Report presents evidence of sufficient public concern to merit an
inquiry by Parliament’s Transport Select Committee, and that’s
something we will seek. Road markings provide the best, most simple navigation aid to
drivers, who must to be able to ‘read’ the road at every turn.
Without this most modest of investments, motorists are driving blind
when we can, in fact, save lives for the cost of a pot of paint.” says George Lee, national
director of the RSMA.
HOME COOKED CLASSICS ARE BACK ON THE MENU
appetite for molecular gastronomy, foodie fads and cooking trends
has been revealed as merely voyeuristic, with the ‘Heston effect’
failing to translate in the region’s kitchens. According to
research, the UK is still very much a nation of Rosbifs, with
traditional British dishes dominating family meal times.
► The classic roast dinner is the most popular home cooked dish,
with 59% of Liverpudlians regularly serving up meat, veg and gravy.
► Cottage pie is the second most frequently cooked meal – 50% of
Liverpool’s adults prepare it on a regular basis – and casserole is
the third most popular (45%).
► Hearty British staples appeal to home cooks over and above the
cuisines of Italy, Asia and India; by contrast just 14% of cooks
regularly serve risotto, whereas 44% make a curry and 36% prepare a
According to the ‘Kallo Stock Cubes Home Cooking Report’, 32% of
those in Liverpool serve a home cooked meal every day, with 79% of
Liverpool families eating home cooked food at least 3 times a week.
The appeal of home cooking has grown markedly as the economic dip
has pinched Liverpool’s household budgets.
► 62% of Liverpudlian families have turned to home cooked meals as a
way of saving money and 64% have bought fewer ready meals.
The new popularity of home cooking has also been attributed to
nostalgia, with family recipes forming an important part of the
household cook’s repertoire.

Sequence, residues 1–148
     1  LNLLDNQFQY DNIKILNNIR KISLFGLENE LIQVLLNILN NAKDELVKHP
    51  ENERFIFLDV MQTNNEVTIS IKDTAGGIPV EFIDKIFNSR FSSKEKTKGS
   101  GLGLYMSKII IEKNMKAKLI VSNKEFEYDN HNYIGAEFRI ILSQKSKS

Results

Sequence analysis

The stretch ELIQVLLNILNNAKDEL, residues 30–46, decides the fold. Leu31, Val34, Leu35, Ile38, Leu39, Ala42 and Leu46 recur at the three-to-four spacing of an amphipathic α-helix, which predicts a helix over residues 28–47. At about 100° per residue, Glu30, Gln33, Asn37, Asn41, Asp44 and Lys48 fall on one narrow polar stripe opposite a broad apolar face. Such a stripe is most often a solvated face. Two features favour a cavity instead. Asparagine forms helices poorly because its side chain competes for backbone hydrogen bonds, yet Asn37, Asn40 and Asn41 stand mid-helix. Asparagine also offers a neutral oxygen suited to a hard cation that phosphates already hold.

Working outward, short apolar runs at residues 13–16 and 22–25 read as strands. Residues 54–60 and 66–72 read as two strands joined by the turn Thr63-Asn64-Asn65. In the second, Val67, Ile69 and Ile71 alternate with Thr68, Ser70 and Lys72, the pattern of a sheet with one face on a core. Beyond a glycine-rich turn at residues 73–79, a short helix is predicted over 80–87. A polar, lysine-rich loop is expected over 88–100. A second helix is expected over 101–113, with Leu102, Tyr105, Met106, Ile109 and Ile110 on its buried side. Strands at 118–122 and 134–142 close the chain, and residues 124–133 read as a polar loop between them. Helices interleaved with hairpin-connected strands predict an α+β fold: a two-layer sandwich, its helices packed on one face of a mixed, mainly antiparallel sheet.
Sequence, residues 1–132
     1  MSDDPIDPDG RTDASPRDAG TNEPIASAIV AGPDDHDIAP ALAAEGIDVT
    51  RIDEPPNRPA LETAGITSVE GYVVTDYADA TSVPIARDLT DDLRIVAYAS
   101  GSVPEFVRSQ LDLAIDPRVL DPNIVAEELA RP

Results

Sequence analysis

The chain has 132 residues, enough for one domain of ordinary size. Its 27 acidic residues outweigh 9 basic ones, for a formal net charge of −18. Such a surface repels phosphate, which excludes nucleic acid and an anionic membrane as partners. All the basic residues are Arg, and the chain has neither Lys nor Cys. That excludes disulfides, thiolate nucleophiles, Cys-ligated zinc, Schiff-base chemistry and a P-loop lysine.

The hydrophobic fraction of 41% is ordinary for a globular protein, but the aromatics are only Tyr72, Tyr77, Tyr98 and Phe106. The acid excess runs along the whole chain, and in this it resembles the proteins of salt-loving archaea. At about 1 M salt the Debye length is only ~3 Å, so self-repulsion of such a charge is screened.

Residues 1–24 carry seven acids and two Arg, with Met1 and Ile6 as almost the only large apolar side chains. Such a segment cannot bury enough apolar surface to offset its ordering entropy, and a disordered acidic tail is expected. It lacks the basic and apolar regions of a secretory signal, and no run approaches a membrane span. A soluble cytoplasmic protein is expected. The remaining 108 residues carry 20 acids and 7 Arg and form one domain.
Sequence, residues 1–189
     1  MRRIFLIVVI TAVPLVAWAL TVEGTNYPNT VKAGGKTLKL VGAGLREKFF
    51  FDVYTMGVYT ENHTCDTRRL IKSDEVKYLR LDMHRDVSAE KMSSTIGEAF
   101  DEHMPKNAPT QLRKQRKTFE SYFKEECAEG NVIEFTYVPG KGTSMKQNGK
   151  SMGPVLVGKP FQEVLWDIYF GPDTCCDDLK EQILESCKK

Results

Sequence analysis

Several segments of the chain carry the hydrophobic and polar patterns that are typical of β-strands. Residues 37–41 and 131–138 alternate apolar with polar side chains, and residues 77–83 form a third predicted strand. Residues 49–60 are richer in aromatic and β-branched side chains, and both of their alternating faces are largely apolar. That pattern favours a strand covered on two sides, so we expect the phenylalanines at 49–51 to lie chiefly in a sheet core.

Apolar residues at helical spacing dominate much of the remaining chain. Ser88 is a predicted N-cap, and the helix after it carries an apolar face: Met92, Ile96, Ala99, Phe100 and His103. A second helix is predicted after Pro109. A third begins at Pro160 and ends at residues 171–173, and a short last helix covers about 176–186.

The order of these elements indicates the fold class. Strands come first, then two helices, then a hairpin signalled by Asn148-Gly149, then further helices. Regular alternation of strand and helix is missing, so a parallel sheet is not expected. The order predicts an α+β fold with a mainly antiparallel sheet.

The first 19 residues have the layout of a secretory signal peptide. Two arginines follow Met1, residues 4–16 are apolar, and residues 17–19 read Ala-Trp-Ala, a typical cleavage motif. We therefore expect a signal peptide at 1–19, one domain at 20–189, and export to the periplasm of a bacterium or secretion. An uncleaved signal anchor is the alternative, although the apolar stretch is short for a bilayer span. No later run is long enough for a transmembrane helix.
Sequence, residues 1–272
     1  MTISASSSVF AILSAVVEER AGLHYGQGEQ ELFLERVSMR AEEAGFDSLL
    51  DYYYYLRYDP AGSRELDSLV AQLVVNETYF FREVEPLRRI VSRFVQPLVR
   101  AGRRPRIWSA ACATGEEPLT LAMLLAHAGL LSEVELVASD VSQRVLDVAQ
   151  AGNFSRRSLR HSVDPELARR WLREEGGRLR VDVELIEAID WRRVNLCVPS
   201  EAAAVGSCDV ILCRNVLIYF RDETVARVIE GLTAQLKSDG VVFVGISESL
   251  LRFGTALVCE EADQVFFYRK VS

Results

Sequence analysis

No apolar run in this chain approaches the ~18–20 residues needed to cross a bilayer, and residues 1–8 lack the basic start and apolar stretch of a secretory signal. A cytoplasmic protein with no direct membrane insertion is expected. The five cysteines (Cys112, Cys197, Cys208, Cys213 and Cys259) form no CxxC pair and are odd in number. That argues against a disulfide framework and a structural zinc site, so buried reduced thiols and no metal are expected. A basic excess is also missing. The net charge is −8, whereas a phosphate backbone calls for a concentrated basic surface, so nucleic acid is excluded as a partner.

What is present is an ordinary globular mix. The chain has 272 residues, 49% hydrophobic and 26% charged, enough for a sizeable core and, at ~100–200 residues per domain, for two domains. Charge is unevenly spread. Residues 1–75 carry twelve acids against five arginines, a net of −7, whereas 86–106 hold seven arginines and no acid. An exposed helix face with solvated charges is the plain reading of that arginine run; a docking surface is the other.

► In Liverpool, 63% of people regularly cook dishes from their own
childhood and 72% claim to have learned cookery basics from their
Commenting on the ‘Kallo Stock Cubes Home Cooking Report,’ Trevor
and Sally Oliver – parents of Jamie Oliver – said:- “We’ve
both been cooking since we were youngsters and always felt it was
important to involve our children in the kitchen and teach them the
We love traditional home cooking; whether it’s a Sunday roast with
sponge pudding or a midweek casserole, a home cooked meal is a great
excuse to get your family around the dinner table.”
When it comes to meal times, 39% of Liverpool’s families make the
effort to sit down and eat as a family every day, whereas 78% manage
to enjoy a meal together at least 3 nights a week.
While home cooking has seen an uplift, 53% of Liverpool, though well
intentioned, don’t have the time to cook everything from scratch.
Many follow the example set by Delia’s ‘How to Cheat’ series,
classifying themselves as ‘combination cooks’ using a mixture of
fresh ingredients and short cuts. And despite the wide
availability of new spices, flavours and produce, Liverpool’s home
cooks prefer to stick to what they know, with 84% admitting that
they have a reliable list of tried and tested dishes from which they
Alexis Garrett, Kallo Foods Brand Manager, said:- “A good home
cooked meal is hard to beat and is one of life’s most simple
pleasures. Traditional British dishes like roasts and pies can be
comforting, filling and very economical, which goes a long way to
explaining Manchester’s rekindled taste for home cooked food.”